Fuzzy Set Theory

May 24 • General • 3412 Views • 1 Comment on Fuzzy Set Theory

Fuzzy Set Theory

Fuzzy sets: Fuzzy sets (FS) are sets whose elements have degrees of membership.

Fuzzy relations, which are used now in different areas, such as decision-making (Kuzmin, 1982), linguistics (De Cock, et al, 2000), and clustering (Bezdek, 1978), are very special cases of L-relations when L is the unit interval [0, 1] is it from start to end.


Lotfi A. Zadeh and Dieter Klaua introduce Fuzzy sets were in the year 1965 as an extension of the classical notion of set. At the same period, Salii (1965) defined a more general kind of structures L-relations, which were studied by Salii in an abstract algebraic context.

Fuzzy Set Theory

Fuzzy set theory defines set membership as a possibility distribution.
The general rule for this theory can expressed as:


where d some number of possibilities.

This basically states that we can take n possible events and us d to generate as single possible outcome.
This extends set of membership since we could have varying definitions for of, say, hot curries. One person might declare that only curries of “Vindaloo” strength or above are hot whilst another might say madras and above are hot We could allow for these variations definition by allowing both possibilities in definition of fuzzy.
Once set of membership has been redefined we can develop new logics based on combining of sets etc and reason effectively.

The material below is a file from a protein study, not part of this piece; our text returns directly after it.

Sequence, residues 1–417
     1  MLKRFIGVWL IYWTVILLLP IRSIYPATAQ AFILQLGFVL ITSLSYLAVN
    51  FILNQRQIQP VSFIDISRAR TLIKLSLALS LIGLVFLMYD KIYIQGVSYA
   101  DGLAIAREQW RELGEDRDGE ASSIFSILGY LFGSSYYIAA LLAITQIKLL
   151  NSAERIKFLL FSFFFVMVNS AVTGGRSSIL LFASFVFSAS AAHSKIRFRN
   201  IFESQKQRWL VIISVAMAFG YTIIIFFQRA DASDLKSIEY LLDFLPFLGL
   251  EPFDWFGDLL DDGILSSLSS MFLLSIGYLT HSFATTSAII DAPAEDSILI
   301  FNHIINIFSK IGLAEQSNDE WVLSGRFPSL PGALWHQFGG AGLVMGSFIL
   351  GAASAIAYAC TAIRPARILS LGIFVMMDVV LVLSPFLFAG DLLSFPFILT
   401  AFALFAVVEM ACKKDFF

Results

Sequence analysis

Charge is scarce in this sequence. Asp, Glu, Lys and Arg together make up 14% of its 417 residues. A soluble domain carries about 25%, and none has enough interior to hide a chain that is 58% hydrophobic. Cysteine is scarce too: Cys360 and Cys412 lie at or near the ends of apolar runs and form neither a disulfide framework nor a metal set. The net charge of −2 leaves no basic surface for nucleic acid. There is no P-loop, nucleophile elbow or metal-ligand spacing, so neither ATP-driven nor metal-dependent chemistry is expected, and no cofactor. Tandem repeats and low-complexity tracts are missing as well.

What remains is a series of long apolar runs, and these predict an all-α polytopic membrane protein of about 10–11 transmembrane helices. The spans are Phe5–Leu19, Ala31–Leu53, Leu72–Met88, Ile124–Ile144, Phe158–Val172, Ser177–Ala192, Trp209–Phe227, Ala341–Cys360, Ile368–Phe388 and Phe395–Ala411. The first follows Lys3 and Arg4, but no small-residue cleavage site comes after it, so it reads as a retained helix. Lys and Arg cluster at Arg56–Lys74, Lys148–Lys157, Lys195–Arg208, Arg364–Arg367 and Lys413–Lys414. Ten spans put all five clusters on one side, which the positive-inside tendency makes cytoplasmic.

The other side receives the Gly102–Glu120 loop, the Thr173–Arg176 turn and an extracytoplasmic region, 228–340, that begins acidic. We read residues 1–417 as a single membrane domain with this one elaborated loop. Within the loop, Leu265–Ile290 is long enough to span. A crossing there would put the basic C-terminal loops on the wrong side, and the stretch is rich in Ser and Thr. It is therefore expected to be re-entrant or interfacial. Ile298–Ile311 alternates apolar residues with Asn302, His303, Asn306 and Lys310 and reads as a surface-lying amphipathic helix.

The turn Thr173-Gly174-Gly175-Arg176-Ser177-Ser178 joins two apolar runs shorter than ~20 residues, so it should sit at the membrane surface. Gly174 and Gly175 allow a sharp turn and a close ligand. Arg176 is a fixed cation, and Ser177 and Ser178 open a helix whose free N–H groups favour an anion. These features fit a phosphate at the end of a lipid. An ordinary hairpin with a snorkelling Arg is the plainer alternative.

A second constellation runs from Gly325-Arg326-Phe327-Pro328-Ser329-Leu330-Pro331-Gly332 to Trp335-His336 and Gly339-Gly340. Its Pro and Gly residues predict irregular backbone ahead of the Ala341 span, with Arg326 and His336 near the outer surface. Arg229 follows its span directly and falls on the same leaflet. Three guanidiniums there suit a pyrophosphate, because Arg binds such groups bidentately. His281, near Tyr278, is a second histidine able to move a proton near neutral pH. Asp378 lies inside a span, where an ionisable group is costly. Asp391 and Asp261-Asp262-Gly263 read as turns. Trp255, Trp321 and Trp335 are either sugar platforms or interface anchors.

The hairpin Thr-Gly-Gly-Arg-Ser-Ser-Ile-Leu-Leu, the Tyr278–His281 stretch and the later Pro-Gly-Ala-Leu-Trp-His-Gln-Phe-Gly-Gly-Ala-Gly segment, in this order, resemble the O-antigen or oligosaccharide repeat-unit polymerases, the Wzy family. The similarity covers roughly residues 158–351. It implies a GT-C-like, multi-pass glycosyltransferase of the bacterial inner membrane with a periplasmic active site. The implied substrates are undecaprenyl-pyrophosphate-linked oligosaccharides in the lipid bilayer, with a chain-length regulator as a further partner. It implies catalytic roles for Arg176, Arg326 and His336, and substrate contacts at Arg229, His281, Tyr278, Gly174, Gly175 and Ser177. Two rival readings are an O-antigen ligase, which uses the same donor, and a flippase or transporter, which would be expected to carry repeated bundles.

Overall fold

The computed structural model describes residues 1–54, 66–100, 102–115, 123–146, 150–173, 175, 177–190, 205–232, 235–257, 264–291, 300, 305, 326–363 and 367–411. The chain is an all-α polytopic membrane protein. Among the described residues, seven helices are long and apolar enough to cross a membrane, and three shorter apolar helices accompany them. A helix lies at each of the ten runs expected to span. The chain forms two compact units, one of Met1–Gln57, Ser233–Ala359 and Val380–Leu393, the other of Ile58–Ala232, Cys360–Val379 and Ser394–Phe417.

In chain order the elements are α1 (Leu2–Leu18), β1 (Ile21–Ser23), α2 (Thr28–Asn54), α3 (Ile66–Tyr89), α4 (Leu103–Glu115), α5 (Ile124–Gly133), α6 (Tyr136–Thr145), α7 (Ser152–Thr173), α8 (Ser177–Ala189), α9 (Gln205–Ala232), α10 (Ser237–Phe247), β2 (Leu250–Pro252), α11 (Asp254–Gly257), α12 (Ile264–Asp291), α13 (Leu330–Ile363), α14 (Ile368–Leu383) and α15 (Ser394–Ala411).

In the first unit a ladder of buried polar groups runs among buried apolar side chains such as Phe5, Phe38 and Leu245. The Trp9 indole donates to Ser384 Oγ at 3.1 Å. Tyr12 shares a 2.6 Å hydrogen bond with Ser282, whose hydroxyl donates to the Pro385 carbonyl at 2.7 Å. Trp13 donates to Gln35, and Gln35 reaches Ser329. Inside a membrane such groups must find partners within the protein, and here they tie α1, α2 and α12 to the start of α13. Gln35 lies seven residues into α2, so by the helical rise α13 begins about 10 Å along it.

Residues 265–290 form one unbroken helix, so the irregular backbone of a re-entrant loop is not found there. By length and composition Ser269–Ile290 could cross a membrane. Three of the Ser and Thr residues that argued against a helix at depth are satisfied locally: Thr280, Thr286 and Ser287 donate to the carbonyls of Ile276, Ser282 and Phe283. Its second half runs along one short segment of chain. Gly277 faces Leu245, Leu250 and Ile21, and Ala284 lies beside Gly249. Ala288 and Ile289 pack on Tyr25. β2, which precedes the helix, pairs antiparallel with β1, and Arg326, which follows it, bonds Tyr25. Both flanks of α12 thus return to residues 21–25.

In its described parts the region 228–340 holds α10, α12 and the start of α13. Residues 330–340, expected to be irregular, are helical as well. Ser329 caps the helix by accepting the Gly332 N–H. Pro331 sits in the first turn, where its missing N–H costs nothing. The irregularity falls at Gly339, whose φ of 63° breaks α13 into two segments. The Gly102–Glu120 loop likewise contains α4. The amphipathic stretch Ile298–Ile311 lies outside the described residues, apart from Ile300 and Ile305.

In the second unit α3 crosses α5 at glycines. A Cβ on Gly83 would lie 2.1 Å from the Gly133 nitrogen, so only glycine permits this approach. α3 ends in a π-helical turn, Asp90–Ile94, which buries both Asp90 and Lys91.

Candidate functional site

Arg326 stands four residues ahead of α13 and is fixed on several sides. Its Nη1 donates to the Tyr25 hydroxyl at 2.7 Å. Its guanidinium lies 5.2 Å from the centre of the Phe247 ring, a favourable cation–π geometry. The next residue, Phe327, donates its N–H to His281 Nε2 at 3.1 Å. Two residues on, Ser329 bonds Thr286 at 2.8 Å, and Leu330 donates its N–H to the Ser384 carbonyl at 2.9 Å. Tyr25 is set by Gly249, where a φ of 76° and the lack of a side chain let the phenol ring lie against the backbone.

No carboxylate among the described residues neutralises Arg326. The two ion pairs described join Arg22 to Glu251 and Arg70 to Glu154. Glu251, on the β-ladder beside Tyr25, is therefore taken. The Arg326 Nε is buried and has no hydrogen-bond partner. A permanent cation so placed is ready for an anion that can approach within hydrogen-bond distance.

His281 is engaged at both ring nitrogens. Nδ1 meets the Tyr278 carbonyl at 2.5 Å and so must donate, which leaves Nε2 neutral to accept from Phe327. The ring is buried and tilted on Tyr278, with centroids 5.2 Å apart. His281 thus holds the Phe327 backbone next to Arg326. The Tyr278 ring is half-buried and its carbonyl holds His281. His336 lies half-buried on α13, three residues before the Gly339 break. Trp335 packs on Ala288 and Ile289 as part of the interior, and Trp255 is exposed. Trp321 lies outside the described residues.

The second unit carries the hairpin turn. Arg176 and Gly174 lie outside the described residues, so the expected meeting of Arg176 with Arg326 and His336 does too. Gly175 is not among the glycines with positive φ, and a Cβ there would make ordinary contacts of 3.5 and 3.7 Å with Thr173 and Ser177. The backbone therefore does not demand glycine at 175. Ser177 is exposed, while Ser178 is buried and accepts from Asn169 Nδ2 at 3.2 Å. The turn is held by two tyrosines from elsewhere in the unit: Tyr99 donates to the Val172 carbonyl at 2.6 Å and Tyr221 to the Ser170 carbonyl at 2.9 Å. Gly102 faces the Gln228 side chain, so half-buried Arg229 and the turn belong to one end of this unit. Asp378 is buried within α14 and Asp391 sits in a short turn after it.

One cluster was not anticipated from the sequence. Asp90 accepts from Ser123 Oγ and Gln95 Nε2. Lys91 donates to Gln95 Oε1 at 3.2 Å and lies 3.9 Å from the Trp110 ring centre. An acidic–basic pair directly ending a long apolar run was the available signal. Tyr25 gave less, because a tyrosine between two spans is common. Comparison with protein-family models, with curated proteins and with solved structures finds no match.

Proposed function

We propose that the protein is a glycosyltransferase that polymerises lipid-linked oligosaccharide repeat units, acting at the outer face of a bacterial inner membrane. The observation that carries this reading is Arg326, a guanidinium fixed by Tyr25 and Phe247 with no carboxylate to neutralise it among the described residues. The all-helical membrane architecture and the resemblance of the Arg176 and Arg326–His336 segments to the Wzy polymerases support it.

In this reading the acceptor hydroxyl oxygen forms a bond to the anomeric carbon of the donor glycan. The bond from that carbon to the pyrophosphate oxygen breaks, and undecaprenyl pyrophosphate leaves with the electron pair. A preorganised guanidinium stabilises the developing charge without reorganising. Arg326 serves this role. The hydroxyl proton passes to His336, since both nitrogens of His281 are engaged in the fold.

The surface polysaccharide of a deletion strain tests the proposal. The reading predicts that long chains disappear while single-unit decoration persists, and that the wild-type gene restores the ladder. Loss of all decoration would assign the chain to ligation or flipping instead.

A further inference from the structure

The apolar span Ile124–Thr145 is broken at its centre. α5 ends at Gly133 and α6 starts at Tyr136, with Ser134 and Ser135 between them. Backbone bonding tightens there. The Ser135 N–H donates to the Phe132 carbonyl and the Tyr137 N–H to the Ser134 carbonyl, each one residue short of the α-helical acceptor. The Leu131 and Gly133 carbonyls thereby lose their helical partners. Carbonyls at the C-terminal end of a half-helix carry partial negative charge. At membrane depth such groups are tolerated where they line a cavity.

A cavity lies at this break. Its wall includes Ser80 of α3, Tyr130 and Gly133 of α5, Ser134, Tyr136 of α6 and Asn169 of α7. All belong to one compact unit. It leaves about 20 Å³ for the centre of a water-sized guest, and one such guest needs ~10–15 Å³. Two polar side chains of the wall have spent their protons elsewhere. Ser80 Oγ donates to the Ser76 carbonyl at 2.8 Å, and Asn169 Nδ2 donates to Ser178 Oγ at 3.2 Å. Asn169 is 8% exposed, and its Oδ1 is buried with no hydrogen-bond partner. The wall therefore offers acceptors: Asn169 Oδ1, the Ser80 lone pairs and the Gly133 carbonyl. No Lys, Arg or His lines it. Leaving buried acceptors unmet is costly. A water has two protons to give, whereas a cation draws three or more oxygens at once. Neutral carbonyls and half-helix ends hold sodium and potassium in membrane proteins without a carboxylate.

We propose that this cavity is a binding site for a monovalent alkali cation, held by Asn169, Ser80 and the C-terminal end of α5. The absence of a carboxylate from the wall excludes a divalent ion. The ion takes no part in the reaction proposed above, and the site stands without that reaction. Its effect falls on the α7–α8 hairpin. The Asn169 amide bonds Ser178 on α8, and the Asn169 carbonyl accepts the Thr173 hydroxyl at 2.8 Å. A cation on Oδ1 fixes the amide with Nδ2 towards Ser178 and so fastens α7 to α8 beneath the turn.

In classical set theory the membership of elements in a set is assessed in binary terms according to a bivalent condition — an element either belongs or does not belong to the set. contrast, fuzzy set theory permits the gradual assessment of the membership of elements in a set; this is described with the aid of a membership function valued in the real unit interval [0, 1] which denotes the start till the end. Fuzzy sets generalize classical sets since the indicator functions of classical sets are special cases of the membership functions of fuzzy sets if the latter only take values 0 or 1. In fuzzy set theory, classical bivalent sets are usually called crisp sets The fuzzy set theory can be used in a wide range of domains in which information is incomplete or imprecise such as bioinformatics.

Classical sets

Classical sets are also called crisp (sets).
Lists: X = {apple, orange, cherrie, mango};
X = {a1,a2,a3 }
X = {2, 4, 6, 8, …}
Formulas: X = {a | a is an even natural number}
X = {a | a = 2n, n is a natural number}

Some Applications

Membership function for age calculation

temperature in range

fussy ex1

young middle age and old

Temperature range measures

fussy ex2

temperature in range

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One Response to Fuzzy Set Theory

  1. me says:

    thanks for your great post… can you please suggest me a good textbook for Fuzzy Set Theory?

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